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Next Midtown planning meeting to be Tuesday, Feb. 9

SNOHOMISH — The Midtown Planning District Task Force is nearing the end of its work with its next meeting 6 p.m. Tuesday, Feb. 9.
The task force is looking at a far-reaching look at the Avenue D corridor.
The Task Force will also begin discussing what their final recommendations will be to give to the city Planning Commission.
The public is welcome and encouraged to attend the meeting by clicking on this link and then entering the meeting’s Passcode, which is 034847.
To listen in on your telephone you can call 253-215-8782 and when prompted enter the meeting ID number of 836 4156 3570 and passcode of 034847. 
The Avenue D former county public works yard makes up largest single piece of Midtown. It is still undergoing environmental cleanup, county public works spokesman Matt Phelps said a couple weeks ago.
On Midtown, if you have any questions or comments please contact Planning Director Glen Pickus via email or by calling him at 360-282-3173. Comments on the project are encouraged. They may be submitted by email or regular mail (Snohomish City Hall, Attn: Glen Pickus, P.O. Box 1589, Snohomish, WA 98291).  All comments will be forwarded to Task Force members.

Here is the Tribune's report from the third Midtown meeting from the Jan. 27 Tribune:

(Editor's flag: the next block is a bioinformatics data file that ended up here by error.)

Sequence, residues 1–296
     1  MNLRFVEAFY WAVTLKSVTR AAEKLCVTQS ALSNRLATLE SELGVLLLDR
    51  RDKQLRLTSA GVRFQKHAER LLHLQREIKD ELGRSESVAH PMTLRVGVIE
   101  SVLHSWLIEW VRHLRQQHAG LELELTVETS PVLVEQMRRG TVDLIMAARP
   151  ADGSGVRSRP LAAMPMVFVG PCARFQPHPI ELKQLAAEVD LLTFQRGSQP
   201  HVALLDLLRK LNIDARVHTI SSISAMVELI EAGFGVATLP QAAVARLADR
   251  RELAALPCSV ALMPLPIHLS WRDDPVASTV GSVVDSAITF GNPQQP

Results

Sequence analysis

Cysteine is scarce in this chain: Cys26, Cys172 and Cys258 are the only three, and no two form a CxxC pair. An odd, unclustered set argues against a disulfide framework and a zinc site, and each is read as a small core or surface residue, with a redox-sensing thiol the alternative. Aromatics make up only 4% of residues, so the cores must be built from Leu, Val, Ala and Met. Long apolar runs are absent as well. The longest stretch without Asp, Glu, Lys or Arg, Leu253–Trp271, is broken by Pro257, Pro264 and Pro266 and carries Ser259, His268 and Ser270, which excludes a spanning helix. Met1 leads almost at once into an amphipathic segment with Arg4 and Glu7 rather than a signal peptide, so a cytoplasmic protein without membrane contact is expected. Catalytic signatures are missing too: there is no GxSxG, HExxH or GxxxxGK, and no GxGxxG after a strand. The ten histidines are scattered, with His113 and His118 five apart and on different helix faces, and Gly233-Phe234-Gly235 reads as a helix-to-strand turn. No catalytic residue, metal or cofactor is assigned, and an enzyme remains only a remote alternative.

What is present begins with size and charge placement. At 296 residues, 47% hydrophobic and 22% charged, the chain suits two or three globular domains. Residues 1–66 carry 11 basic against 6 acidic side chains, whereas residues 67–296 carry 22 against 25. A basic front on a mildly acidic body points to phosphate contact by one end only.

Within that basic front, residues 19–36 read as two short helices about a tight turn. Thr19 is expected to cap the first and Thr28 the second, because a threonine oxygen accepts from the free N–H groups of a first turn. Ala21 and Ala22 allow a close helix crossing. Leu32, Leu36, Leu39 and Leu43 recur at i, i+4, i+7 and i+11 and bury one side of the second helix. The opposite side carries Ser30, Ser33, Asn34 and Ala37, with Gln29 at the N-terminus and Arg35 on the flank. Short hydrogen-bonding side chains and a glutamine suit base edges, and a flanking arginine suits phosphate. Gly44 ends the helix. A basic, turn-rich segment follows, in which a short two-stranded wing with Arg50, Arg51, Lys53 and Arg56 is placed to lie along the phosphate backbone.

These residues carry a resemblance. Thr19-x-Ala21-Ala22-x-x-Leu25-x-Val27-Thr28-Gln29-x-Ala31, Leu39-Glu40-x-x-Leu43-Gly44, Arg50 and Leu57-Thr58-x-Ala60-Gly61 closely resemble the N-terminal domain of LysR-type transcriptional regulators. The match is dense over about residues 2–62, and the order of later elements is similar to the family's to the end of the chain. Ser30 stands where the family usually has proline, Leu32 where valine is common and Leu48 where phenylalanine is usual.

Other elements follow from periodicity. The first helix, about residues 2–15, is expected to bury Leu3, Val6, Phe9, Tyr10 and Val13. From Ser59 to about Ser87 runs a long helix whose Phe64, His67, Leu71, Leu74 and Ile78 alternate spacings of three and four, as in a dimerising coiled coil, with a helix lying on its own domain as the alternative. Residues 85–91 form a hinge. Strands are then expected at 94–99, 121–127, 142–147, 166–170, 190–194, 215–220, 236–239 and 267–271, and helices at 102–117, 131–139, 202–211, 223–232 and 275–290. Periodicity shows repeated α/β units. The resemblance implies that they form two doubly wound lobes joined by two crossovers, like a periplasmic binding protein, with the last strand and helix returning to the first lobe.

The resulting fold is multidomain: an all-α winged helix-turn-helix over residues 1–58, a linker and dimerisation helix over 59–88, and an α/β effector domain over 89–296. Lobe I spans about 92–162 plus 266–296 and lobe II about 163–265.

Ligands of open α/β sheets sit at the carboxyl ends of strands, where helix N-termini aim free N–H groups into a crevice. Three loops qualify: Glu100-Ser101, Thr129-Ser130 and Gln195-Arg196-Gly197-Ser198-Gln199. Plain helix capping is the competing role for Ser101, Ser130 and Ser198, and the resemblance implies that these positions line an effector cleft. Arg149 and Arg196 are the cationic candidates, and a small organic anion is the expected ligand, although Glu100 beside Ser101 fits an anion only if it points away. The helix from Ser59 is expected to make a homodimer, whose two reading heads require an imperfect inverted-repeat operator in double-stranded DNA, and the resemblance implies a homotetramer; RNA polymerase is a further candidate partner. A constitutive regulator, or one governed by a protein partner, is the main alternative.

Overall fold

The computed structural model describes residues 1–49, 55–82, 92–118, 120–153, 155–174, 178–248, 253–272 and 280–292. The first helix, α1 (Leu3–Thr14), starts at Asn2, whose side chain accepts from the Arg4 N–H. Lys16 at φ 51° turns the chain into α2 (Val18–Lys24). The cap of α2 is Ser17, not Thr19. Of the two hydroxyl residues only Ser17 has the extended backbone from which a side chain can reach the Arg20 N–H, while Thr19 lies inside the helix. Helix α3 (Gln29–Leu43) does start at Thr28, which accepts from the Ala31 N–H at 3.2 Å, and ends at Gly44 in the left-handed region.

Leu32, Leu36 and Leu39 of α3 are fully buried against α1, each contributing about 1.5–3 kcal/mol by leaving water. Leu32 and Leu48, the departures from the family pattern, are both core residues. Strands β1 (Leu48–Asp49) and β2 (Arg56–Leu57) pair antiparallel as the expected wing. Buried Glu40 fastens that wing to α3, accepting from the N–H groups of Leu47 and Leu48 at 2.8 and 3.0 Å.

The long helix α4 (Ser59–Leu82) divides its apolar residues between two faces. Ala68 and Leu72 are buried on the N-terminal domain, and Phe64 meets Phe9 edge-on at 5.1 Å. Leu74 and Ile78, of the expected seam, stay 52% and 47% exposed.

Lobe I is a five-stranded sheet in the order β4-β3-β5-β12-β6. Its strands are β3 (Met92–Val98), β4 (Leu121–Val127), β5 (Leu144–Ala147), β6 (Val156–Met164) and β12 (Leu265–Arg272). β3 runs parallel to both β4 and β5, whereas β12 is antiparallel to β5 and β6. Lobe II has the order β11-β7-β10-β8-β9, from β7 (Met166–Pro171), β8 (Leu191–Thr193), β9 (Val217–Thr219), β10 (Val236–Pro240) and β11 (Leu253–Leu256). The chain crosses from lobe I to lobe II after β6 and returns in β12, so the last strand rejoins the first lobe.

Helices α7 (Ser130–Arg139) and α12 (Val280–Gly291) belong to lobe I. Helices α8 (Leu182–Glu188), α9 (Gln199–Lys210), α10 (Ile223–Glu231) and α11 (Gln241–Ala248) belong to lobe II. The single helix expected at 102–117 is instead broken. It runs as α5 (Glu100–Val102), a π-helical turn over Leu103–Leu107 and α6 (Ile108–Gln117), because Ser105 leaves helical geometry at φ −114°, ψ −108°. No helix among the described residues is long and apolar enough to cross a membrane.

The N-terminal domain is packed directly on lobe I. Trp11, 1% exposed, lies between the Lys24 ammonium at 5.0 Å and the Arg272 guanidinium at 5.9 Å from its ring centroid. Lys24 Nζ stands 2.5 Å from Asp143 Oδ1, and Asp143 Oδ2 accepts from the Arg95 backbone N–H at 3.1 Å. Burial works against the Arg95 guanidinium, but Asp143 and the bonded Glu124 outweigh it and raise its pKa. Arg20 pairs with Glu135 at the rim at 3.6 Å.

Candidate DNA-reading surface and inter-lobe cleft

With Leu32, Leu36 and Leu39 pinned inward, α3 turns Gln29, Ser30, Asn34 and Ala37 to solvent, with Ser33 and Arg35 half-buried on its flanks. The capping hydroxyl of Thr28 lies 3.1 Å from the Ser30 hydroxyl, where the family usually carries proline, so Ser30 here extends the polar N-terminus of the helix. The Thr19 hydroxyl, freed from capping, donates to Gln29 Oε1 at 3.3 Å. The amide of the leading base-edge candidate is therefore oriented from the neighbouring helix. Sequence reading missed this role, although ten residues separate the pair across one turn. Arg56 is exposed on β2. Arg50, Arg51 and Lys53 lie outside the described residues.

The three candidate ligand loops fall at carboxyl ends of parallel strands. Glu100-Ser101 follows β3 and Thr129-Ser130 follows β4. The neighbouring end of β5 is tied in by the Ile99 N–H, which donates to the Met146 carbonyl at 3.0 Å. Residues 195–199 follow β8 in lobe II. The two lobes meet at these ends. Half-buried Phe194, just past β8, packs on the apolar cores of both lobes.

SNOHOMISH — Plans to beautify and reshape the Avenue D corridor from Sixth Street to just past the roundabout at 15th Street are getting sorted out, and the city is looking for public input.
There’s still time for people to vote on 19 questions on six topics such as just how tall future buildings should be permitted and how parking lots should be placed.
To give your thoughts, visit the city’s “self-guided open house” at  or write to planning director Glen Pickus at or by mail to City of Snohomish, Attn: Glen Pickus, P.O. Box 1589, Snohomish, WA 98291-1589.
Comments are being taken until the end of January, Pickus said.
The questions inquire on items that a volunteer committee is considering, such as whether to allow intense development in the area, whether to allow buildings up to 55 feet tall in the area from 10th Street to 15th Street, and what the public thinks should be prohibited from being built along Avenue D in the future, such as disallowing new mobile home parks or places of worship. Fifty-five feet is about four stories tall.
One question, for example, is whether the area should allow “corporate identity” architecture in the future, where a building’s appearance is clearly identifiable to a chain restaurant even after the tenant leaves. A couple of examples along Avenue D are how the McDonald’s and the Jack in the Box look. (The task force wants to place restrictions on this.)
City officials convened the Midtown Task Force in response to the large former County Public Works Yard, at 13th and Avenue D, being ready for sale. It might go on the market this spring, Pickus said.
The task force is making final decisions at its Feb. 9 meeting to submit to the city’s Planning Commission for further deliberation. The City Council will take a swing at the Midtown regulations this summer.
The city will publish a link to access the Feb. 9 Midtown Task Force meeting at its webpage:




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